Two major implications are here: (a) There is a universality to moral law, which is panhuman, genetically
transmitted, not relative to a culture, and not isomorphic with the Mosaic code. That is, there is some universality to conscience, (b) There is an area of God's ultimate requirements upon man which leaves room in His judgment for some diversity in the individual's responsibility toward God's ultimate moral wish for man. Thus there is variability within rigidity; there is an area of God-allowed flexibility in the outworking of God's deeper absolutes. This variability is in part a function of knowledge or conscience-sensitivity which is culturally carried beyond the Fall by common grace.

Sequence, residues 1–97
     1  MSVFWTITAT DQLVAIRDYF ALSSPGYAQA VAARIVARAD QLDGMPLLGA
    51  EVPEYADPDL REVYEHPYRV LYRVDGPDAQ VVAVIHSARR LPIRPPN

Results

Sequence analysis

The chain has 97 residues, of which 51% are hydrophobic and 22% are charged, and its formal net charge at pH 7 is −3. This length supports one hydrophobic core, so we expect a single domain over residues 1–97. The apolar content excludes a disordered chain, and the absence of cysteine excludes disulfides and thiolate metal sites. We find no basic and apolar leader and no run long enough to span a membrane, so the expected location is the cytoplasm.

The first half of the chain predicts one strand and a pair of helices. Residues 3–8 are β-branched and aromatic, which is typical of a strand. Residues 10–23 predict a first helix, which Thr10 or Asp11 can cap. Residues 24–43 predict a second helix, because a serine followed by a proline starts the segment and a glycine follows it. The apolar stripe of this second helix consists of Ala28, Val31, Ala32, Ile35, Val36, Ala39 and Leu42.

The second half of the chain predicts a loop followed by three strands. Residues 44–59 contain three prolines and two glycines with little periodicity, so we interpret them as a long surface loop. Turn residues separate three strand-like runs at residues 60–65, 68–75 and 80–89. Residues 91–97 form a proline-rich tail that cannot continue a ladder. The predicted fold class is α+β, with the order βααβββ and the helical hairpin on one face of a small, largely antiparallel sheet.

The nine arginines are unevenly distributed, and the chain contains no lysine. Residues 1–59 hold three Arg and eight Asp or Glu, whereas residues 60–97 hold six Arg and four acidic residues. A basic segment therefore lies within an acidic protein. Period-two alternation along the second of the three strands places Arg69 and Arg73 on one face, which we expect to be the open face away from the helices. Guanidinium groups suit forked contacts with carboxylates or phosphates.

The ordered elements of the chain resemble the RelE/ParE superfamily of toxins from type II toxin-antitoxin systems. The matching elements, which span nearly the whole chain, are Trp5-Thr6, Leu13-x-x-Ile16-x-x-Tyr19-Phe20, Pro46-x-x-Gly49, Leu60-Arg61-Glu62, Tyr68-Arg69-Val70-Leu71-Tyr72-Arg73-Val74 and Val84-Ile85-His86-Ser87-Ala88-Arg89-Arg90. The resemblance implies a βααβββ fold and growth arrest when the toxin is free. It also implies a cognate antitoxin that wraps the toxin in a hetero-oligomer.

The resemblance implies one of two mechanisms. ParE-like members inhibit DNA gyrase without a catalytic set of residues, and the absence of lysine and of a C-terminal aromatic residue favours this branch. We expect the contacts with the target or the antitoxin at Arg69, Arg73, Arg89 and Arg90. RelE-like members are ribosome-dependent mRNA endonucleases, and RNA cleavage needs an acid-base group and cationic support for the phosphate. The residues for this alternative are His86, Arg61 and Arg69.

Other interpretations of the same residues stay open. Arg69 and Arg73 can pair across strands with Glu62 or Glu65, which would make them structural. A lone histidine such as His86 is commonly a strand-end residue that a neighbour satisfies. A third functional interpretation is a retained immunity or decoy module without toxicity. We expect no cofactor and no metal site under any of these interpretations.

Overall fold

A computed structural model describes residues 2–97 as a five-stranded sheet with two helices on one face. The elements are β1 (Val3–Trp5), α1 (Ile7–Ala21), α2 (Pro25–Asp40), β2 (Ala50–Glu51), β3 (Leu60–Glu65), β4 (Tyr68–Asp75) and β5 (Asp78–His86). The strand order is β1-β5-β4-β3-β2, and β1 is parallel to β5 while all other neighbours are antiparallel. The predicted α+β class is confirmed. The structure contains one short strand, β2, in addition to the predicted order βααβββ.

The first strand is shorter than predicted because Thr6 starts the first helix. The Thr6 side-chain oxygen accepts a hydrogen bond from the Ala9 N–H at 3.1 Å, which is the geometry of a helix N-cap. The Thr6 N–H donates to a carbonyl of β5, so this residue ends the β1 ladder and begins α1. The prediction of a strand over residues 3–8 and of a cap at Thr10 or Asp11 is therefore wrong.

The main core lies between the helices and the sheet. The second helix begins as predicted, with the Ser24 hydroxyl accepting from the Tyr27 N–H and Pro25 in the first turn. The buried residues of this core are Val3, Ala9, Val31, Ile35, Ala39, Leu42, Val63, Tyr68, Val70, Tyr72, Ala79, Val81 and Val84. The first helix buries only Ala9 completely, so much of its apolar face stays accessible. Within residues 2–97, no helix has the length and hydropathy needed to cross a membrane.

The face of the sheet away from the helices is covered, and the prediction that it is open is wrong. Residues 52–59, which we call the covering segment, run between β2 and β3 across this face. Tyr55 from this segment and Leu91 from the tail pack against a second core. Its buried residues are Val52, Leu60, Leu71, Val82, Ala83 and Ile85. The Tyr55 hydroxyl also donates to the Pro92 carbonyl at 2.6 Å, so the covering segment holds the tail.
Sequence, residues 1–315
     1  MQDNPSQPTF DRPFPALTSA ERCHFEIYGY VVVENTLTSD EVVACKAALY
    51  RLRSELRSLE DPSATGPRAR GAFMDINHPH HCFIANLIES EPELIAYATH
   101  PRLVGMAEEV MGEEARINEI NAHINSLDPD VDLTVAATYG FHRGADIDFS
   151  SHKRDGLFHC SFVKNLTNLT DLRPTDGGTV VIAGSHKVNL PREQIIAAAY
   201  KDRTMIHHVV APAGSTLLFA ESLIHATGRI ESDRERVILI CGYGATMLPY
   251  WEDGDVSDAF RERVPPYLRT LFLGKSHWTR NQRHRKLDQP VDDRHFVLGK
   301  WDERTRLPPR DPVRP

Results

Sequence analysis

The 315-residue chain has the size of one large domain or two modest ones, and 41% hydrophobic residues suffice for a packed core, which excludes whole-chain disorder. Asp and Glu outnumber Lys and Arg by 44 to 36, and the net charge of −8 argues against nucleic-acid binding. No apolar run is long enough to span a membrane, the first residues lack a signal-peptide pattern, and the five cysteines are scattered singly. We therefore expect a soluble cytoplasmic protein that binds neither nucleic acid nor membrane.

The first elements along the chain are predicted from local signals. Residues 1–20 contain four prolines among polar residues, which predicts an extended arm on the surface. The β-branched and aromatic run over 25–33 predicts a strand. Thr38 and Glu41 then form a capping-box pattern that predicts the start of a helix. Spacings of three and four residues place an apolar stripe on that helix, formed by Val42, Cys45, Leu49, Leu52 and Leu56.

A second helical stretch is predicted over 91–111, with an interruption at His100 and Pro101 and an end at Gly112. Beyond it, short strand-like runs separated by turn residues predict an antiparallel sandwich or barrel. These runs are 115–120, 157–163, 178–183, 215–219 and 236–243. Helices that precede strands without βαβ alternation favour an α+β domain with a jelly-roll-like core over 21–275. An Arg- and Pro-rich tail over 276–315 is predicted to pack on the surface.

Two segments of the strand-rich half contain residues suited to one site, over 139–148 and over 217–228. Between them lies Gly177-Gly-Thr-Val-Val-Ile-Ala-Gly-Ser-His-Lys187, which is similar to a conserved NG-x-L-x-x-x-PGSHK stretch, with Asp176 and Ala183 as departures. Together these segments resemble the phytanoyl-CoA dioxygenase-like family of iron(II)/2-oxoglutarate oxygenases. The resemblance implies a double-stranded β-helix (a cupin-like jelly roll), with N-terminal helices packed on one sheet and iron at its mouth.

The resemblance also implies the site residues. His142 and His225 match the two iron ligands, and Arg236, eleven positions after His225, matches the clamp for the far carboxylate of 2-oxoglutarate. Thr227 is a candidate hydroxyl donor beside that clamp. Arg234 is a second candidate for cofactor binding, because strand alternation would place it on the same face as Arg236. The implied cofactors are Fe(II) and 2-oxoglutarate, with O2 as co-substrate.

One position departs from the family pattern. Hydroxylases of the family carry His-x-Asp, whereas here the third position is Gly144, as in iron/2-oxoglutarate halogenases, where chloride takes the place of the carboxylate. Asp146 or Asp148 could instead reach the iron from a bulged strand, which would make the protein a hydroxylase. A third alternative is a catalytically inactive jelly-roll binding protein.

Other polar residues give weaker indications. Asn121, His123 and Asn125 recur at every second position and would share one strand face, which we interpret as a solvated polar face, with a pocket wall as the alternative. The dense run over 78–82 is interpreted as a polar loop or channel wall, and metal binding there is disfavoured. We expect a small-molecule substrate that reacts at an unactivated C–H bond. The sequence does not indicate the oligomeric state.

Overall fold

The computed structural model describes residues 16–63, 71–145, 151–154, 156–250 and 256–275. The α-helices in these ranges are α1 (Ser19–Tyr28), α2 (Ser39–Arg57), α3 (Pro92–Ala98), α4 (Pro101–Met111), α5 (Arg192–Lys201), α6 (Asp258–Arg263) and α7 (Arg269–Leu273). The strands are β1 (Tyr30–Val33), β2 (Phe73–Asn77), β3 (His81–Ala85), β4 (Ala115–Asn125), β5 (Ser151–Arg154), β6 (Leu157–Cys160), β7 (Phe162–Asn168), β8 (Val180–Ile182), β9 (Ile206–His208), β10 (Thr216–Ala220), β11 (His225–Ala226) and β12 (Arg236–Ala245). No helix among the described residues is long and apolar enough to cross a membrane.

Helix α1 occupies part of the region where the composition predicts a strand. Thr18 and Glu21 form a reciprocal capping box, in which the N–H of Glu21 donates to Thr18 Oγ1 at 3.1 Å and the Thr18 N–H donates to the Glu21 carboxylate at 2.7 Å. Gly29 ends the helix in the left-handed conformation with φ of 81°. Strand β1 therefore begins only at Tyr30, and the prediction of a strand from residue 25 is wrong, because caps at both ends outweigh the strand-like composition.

The universal may he distorted, but not lost, by the Fall. There is still a common core of uniformity, perhaps not easy to find in every culture. There is always in every culture some empirically detectable restraint against killing. (There are some friends you are not supposed to kill-maybe you are supposed to kill your enemy.) There is at least some minimum kind of incest which is considered wrong. There is objection to some kind of appropriation of another's goods (perhaps your favorite spear, or the hunting dog by which you might eat or go hungry). And in no culture known to me is there a total reversal of moral criteria, such that the total good of the one is the total had of the other. (For individuals, however, there seems to he the possibility of at least partial reversal: "Woe to those who call evil good and good evil," Isa. 5:20; and the one who says of Christ that "He has an unclean spirit" "never has forgiveness"with self-destruction of conscience, arid blasphemy against the Holy Spirit perhaps being equated here, Mark 3:30,29.)